Considering how much money your small business pumps into your local economy, the taxes you pay and your company's role as part of the engine that drives the national economy, you probably think someone should be giving you some kind of reward.

A rewards program from a business credit card can be a great way to get something back for all the money you spend running your business. But you can feel overwhelmed when you start reading the fine print and sorting through the restrictions. You may even start to wonder just how "rewarding" that rewards program really is.

When you're evaluating the value of a rewards card, start by considering the basics. First, do you really need a credit card specifically for your business? It's virtually impossible to operate a small business today without a charge or credit card. Not only does a business charge card allow you to separate business and personal expenses, it offers you a layer of protection if there's a problem with your purchases. Since you make regular payments for your business anyway, why not get something back for it in the form of a rewards program?

Next, consider what you would like to get out of a rewards program. Is getting cash back on purchases a priority? Are you looking to accrue points you can use toward travel? Do you want rewards in the form of merchandise that you can keep for yourself, use as an incentive for employees or as gifts for clients and customers?

Refining your objectives for a rewards program can help you evaluate how well a credit card may meet your needs.

When you're ready to seriously begin comparison shopping, be proactive about it. Don't just wait for the offers to arrive in your mailbox or inbox - and arrive they will. Being reactive in choosing a credit card reward program may leave you signed up for a card that doesn't really fit with your rewards objectives. Instead, turn to credit card comparison websites that can show you the terms, conditions and rewards offerings for a number of different cards.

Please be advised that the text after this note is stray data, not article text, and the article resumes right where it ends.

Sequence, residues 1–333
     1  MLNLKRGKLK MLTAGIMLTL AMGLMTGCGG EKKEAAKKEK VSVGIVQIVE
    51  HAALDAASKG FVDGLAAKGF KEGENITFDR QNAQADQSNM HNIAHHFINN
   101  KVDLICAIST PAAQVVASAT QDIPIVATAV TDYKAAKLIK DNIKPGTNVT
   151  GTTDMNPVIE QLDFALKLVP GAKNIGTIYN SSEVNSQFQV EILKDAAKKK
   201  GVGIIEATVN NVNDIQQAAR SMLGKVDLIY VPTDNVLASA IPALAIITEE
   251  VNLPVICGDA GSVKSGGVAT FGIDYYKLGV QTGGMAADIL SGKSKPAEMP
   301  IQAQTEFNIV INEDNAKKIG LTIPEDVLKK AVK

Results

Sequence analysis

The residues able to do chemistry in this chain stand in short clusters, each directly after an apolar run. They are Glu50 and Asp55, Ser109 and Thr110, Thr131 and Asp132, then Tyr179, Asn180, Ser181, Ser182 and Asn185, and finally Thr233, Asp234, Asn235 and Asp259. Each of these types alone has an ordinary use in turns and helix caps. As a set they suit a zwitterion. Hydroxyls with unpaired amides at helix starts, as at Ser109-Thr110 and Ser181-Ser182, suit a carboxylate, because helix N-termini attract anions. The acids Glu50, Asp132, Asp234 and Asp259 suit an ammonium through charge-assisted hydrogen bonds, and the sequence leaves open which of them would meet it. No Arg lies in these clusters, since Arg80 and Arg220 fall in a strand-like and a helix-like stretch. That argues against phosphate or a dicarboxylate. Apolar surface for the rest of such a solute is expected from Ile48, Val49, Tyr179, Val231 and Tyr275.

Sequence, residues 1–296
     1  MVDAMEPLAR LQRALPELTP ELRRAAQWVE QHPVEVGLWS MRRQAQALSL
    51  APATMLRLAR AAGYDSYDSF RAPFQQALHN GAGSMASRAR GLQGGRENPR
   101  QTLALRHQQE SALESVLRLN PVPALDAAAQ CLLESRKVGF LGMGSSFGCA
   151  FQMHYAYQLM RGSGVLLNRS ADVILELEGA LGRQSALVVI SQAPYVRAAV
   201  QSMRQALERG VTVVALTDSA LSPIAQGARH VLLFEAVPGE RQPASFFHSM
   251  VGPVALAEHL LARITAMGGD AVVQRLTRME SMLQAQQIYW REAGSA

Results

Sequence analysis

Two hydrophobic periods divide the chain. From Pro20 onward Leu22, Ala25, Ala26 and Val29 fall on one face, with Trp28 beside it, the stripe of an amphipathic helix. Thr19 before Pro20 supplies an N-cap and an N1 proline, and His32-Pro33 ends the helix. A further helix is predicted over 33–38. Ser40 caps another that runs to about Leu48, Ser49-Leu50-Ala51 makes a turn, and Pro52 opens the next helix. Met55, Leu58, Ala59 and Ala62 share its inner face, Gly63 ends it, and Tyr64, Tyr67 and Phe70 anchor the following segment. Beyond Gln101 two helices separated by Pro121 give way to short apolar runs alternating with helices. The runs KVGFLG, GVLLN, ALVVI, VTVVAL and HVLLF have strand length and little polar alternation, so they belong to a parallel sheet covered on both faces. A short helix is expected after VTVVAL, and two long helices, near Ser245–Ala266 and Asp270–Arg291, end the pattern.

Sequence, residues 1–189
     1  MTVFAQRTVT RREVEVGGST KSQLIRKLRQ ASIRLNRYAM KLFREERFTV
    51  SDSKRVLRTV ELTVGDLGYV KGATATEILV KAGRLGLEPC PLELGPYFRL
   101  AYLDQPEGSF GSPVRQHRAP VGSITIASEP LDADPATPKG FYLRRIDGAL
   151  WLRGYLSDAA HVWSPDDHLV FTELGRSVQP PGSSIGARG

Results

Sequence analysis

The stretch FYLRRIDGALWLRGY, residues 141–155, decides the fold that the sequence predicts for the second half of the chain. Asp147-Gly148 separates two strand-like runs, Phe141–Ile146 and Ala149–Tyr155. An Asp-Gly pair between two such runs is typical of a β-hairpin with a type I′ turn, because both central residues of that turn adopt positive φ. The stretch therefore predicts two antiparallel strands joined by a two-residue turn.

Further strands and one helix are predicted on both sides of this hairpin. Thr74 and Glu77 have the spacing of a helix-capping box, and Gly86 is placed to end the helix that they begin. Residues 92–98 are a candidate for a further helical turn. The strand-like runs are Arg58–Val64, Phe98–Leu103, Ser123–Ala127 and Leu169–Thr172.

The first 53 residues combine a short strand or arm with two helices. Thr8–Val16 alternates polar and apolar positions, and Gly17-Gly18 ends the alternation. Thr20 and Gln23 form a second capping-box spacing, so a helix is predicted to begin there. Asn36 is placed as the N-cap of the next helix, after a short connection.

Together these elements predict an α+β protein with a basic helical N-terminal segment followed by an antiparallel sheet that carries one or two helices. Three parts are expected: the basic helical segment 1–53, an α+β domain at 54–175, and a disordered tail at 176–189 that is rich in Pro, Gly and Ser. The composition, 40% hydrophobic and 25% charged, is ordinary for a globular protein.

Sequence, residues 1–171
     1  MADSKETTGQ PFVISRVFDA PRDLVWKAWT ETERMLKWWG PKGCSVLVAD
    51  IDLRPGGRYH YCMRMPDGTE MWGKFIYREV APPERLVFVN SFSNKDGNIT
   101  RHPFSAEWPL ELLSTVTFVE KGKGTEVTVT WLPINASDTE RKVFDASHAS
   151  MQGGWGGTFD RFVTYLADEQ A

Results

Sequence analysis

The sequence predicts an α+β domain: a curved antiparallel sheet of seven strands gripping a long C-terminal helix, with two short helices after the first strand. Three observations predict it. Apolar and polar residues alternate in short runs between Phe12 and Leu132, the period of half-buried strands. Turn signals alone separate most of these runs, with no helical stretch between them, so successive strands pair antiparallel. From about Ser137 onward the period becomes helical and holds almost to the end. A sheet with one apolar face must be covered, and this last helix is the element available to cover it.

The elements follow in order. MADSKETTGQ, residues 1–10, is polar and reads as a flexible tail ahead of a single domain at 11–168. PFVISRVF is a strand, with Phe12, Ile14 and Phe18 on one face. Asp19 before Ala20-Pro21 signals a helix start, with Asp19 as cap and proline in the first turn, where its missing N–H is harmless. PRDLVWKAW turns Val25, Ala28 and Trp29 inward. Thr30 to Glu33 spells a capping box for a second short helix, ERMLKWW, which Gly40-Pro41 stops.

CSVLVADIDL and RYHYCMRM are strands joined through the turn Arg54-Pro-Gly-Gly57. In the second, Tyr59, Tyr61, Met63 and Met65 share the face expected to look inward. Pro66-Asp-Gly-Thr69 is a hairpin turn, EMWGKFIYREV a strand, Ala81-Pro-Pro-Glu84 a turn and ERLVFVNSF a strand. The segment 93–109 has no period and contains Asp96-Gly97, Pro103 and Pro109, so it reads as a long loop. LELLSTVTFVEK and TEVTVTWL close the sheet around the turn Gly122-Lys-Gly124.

Whatever your rewards objectives, there are a few additional points to consider:

* What are the criteria before you start reaping rewards? And are there any restrictions on how or when you can actually use them?

* Does the buying power of the card meet your business needs? Are the rewards worth it if the card's credit limit is too low, the interest rate too high, or the card doesn't offer purchase protection?

* How much is the annual fee, if there is one? And can you expect the cash value of the rewards to exceed that fee, meaning the rewards program has paid for itself?

* In addition to the rewards program, does the credit card offer you discounts from companies that you commonly do business with? For example, in addition to accruing rewards points, American Express business credit card users get automatic discounts when they use their card at FedEx, Marriott hotels, Hertz, OfficeMax, and other businesses that you may regularly use.

Ultimately, only you can decide just how valuable a business rewards card is to your small business. But careful, proactive evaluation of a rewards program can help ensure it really is as rewarding as possible for your company.

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